There’s an inertia that can set in when something like semi-regular blogging gets set aside for something pressing. In my case, it was the final push to finish my novel The Colder Moon before my 12/31/13 deadline. All my available time was poured into making my deadline (which I did, by the way, with a couple days to spare).
The problem was that not only had I set aside my blogging schedule, but I had set aside a bunch of other things too, and suddenly they were calling to me. The next thing I knew, I was well out of the routine of posting on Sundays, midweek and on Friday – a schedule I had worked to establish in an attempt to be more consistent at putting content on my site.
And that’s where the inertia came in. Something bigger than the physical effort of sitting down to type up a post, something more than finding the half hour I might need to put it together. An invisible something sitting between me and this thing I knew I ought to do, and the longer I didn’t do it, the easier it got to keep on ignoring it.
I finally decided that I could move past the impasse by blogging about the impasse, so here it is. I’m blogging about not blogging, which will hopefully help me to get blogging again.
To make sure that this post isn’t entirely useless, though, I’ll say a word about one of the things I’ve been working on and then I’ll look forward at something special I’m planning for my blog.
The Challenge of Continuity
The biggest thing that has occupied me since mid-January is a massive continuity edit of books 2 and 3 of The Wandering. I’ve mentioned this elsewhere, I think, but one of the things that has changed in my writing process since I wrote The Binding of the Blade is that I plan in less detail. I have pretty definite ideas about story arcs, but I trust myself more to figure things out as I go.
I definitely haven’t quite embraced the Stephen King method of starting with a premise and no idea where it goes and just launching into it, but I do think his discussion in On Writing about going back through a book after you’ve figured out certain things and removing stuff that doesn’t fit and adding things that do makes sense. So, when I finished The Colder Moon, I decided that a massive continuity edit of both The Lesser Sun (book 2) and The Colder Moon (book 3) was in order. I took out things that I found that would cause continuity problems and then added some things earlier to correspond with decisions made later in the writing process.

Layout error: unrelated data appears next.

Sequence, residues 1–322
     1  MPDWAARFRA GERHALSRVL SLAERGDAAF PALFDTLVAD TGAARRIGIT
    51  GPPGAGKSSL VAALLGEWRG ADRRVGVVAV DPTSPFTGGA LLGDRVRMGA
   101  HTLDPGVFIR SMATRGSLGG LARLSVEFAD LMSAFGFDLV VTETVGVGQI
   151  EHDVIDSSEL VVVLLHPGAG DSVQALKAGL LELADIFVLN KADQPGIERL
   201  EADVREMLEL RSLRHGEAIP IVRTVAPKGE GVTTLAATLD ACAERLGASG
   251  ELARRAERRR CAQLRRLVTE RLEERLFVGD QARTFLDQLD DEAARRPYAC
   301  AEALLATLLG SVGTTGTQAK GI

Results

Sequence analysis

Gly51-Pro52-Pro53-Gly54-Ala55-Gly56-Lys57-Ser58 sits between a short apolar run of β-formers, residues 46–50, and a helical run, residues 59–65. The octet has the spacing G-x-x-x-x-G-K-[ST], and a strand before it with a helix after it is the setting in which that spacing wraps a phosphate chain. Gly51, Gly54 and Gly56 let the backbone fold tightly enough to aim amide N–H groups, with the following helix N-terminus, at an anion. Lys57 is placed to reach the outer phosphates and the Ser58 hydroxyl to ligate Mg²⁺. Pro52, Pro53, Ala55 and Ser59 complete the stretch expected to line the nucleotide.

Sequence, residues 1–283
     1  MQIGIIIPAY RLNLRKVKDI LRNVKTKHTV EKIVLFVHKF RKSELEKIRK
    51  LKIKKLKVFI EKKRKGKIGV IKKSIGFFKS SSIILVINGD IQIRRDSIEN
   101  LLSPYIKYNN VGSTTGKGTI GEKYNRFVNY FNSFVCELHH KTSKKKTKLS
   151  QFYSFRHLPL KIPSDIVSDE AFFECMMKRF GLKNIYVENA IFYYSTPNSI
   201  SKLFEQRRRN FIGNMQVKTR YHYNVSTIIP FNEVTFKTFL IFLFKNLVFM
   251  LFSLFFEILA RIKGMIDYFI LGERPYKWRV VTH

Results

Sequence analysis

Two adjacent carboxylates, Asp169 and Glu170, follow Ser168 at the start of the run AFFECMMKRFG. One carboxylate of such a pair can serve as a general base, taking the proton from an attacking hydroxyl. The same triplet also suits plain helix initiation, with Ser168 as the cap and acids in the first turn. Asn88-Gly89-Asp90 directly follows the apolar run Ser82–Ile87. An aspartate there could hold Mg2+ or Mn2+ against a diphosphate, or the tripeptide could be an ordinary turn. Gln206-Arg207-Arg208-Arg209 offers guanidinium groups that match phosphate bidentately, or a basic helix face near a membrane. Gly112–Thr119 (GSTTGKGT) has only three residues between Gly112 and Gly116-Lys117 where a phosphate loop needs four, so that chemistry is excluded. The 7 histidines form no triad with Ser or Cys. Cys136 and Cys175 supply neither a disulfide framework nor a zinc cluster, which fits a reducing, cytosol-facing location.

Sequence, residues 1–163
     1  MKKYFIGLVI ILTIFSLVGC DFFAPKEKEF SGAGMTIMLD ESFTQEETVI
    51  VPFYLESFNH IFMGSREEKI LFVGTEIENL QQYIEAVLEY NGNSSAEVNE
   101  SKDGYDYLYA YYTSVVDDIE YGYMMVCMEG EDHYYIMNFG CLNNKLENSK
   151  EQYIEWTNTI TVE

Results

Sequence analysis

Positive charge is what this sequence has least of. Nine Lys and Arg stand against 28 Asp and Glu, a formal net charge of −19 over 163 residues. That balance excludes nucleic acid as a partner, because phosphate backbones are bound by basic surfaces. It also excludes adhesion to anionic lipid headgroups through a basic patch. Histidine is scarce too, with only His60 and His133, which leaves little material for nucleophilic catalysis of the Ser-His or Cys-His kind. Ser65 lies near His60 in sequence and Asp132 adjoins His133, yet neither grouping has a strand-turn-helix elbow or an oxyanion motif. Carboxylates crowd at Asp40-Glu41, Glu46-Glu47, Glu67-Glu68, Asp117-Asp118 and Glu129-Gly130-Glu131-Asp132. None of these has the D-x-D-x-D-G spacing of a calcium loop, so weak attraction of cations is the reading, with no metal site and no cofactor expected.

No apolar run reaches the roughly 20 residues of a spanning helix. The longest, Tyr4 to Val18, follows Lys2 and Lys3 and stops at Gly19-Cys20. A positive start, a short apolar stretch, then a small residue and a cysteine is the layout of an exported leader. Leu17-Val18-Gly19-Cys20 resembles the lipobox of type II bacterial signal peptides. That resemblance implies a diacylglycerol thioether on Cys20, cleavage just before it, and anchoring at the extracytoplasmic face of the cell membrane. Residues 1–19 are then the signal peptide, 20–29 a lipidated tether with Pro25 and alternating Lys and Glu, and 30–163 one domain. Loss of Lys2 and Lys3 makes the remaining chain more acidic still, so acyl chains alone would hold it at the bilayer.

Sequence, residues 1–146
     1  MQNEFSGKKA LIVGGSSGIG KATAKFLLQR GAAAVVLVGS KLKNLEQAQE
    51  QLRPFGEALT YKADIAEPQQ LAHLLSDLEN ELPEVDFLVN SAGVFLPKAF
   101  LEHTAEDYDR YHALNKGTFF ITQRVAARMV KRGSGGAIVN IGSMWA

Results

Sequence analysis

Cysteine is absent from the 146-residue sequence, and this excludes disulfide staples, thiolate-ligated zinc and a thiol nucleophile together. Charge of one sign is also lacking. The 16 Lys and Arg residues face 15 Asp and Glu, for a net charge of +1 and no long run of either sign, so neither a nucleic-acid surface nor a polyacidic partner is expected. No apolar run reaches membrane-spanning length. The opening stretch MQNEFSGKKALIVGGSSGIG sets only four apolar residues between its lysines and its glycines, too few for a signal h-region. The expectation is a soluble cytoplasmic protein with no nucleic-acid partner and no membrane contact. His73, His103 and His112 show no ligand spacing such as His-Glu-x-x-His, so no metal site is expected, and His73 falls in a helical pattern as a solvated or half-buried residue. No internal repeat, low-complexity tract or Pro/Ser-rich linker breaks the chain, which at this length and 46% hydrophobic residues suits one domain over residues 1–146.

I think this was important, but it was surprisingly time consuming. The two books together are about 800 of my pages long, or about 300,000 words all told, and it was quite a task to comb through it. I’m glad I did, and I think the series is the better for it, but this became one of the issues that delayed my return to blogging.
To those of you who have started The Wandering by picking up The Darker Road and giving it a read, by the way, I really do think you have a bit of a wild ride ahead of you. I hope you’ll like it.
A Summer with Ray Bradbury’s The Martian Chronicles
The thing I’m planning for the blog that I’m excited to announce, is that I intend to do a series of blogs on Ray Bradbury’s Sci-Fi classic, The Martian Chronicles. Because it is a collection of short stories, as much or more than it is a novel, it lends itself to being read & discussed in weekly chunks perhaps better than most books. You – the reader – can read a story or two a week, come read my blog on the story for that week, post any comments or questions you have about it, and then come back the next week and do it all over again. I see it as a chance to have a kind of online book club this summer, a chance to discuss a classic with some other speculative fiction fans.
So, I’m giving you some notice, intrepid readers. Get your copy of The Martian Chronicles. I recommend owning it, personally, but if you want to hedge your bets or if you’re on a tight budget, reserve your copy from the library and stay tuned. As we get closer to the summer, I’ll post more details on the reading schedule and we’ll dive in. I look forward to reading the book with you.